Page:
Randall D. Eliason teaches white-collar criminal law at George Washington University Law School.
Former Trump campaign chairman Paul Manafort pleaded guilty to two counts of conspiracy on Friday in a D.C. federal court. The real bombshell was not the guilty plea itself, but the fact that the deal includes an agreement that Manafort will cooperate with federal prosecutors. This is a huge leap forward for the investigation of special counsel Robert S. Mueller III — and an ominous sign for President Trump.
From Manafort’s perspective, a plea arrangement makes perfect sense. Manafort was convicted of eight felonies in Alexandria last month, and faces close to a decade in prison on those counts. He was charged with seven more felonies in the District case and the evidence against him appeared overwhelming. By pleading guilty to just two counts, he avoids the expense of a trial. More significantly, sentencing guidelines in the D.C. case would have called for about 20 years in prison if he had been convicted, but his guilty plea on Friday caps his possible sentence at 10 years.
But the personal impact felt by Manafort was overshadowed by the implications of his agreement to cooperate. The big mystery with Manafort has always been the reasons behind his refusal to cut a deal. When he held fast and stood trial in Alexandria, it began to look as though he would never turn against the president. Many speculated that Manafort might be holding out for a presidential pardon. Trump praised Manafort as a “brave man” while condemning those who cooperate with prosecutors as “rats.” On the eve of his second trial, though, Manafort finally seems to have accepted the reality of his situation: As a 69-year-old man convicted of multiple felonies, fulsome cooperation with prosecutors could mean the difference between spending the rest of his life in prison and someday walking free.
As the White House was quick to point out, the charges to which Manafort pleaded guilty do not directly relate to Trump or his campaign. But cooperation agreements are not limited to cooperation in the same case. Prosecutors would have no reason to seek Manafort’s cooperation in connection with the charges listed in his D.C. indictment; Manafort was the primary defendant and his plea largely resolves that case. The existence of the agreement — and the favorable terms offered by prosecutors — suggest Manafort can provide useful information about other aspects of Mueller’s investigation.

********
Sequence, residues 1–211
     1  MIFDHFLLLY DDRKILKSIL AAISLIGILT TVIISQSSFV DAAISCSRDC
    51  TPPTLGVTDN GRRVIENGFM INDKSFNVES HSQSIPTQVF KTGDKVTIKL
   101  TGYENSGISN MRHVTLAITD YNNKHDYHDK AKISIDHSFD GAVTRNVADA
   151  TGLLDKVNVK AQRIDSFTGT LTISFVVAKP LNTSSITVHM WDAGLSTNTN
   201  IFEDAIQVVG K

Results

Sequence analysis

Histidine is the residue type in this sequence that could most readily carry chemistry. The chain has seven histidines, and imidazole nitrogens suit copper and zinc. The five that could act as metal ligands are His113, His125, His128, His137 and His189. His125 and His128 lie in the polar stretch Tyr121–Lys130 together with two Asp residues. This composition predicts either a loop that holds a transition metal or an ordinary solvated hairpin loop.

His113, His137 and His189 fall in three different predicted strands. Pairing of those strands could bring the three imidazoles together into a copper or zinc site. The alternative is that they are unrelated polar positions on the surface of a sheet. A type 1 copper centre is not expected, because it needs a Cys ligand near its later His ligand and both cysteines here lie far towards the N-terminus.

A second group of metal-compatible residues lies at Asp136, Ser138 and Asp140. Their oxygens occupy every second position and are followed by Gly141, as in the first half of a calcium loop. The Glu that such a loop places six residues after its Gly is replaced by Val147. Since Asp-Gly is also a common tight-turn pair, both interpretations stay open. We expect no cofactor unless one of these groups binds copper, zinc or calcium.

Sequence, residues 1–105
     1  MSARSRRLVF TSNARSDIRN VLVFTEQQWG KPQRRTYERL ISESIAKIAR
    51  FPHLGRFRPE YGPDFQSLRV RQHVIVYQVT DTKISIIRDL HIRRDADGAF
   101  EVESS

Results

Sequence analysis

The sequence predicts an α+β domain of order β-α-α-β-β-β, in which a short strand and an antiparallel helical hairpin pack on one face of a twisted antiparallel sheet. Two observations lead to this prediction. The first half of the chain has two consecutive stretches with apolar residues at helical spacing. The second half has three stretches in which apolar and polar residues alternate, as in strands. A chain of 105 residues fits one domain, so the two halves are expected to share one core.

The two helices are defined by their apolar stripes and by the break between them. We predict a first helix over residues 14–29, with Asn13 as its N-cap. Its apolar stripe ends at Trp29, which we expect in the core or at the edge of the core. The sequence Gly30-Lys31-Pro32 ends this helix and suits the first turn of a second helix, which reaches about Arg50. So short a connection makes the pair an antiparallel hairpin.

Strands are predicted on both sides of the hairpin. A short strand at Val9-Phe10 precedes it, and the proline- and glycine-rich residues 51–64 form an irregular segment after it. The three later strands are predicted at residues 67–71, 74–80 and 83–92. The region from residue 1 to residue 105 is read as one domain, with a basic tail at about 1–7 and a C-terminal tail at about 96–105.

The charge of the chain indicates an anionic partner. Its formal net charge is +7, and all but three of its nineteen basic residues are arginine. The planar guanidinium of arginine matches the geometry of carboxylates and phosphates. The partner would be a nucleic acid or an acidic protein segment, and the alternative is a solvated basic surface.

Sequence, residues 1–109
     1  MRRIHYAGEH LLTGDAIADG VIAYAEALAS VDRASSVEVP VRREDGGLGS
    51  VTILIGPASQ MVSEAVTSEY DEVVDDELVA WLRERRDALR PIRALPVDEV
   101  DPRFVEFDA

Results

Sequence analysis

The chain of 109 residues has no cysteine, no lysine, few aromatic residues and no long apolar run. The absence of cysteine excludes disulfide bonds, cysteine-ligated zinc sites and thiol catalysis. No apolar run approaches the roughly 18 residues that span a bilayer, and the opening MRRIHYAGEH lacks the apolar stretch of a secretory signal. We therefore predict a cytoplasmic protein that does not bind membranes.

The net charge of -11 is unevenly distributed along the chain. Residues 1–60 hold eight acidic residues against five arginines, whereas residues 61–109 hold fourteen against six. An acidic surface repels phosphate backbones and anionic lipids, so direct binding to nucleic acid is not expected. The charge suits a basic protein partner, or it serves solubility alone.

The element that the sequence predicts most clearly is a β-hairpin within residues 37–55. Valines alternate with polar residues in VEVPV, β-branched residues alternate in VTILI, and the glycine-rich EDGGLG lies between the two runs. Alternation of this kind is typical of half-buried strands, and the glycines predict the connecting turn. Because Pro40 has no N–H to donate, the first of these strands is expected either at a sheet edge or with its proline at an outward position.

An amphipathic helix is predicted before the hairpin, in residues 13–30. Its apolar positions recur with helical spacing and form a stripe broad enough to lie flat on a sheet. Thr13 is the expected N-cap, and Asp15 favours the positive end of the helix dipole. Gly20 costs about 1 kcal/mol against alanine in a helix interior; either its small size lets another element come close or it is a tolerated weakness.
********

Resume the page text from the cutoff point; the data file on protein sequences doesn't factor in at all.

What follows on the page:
What’s more, prosecutors don’t enter into such agreements blindly. The agreements typically are preceded by extensive debriefings that allow prosecutors to see what the witness has to offer and to assess the credibility of the information. Mueller’s team apparently found Manafort’s information important and credible enough to be worthy of a deal — and a pretty sweet deal at that.
Contrary to some initial reports, there is no carve-out in the cooperation agreement for matters involving the campaign. Those who cooperate with federal prosecutors don’t get to pick and choose the subject matter. Either you agree to tell prosecutors everything you know about whatever topics the prosecutors are interested in, or there’s no deal. Manafort’s agreement requires him to cooperate “in any and all matters as to which the Government deems the cooperation relevant.” And if Manafort lies or tries to protect the president (or anyone else), the deal is off, and prosecutors are free to bring back all charges against him.
Trump’s lawyer Rudolph W. Giuliani has professed nonchalance about whether Manafort cooperates, claiming the president’s team isn’t concerned because the president did nothing wrong, and that Manafort is an “honorable man.” But despite that bravado, this is grave news for the president.
Manafort was at the center of Trump’s campaign during key events in Mueller’s investigation of whether the campaign conspired with Russians to influence the election. Manafort came to the campaign with extensive ties to Russians and Russian-connected individuals. He attended the June 2016 meeting at Trump Tower with Russian representatives offering “dirt” on Democratic candidate Hillary Clinton. He was campaign chairman during the Republican National Convention when the party platform was changed to adopt a more pro-Russia stance on Ukraine — one source of suspicions about a possible quid pro quo between the campaign and Russia. In short, Manafort is in a position to know a great deal about matters at the heart of Mueller’s investigation.
Mueller has pursued a classic, painstaking white-collar investigation, building cases against lower-level players and persuading them to “flip” against bigger fish. The pursuit of Manafort took more than a year, but Mueller has now landed his biggest fish so far. Prosecutors typically offer cooperation deals to those who can deliver the goods on someone higher up the food chain — and the list of those above Manafort is not very long.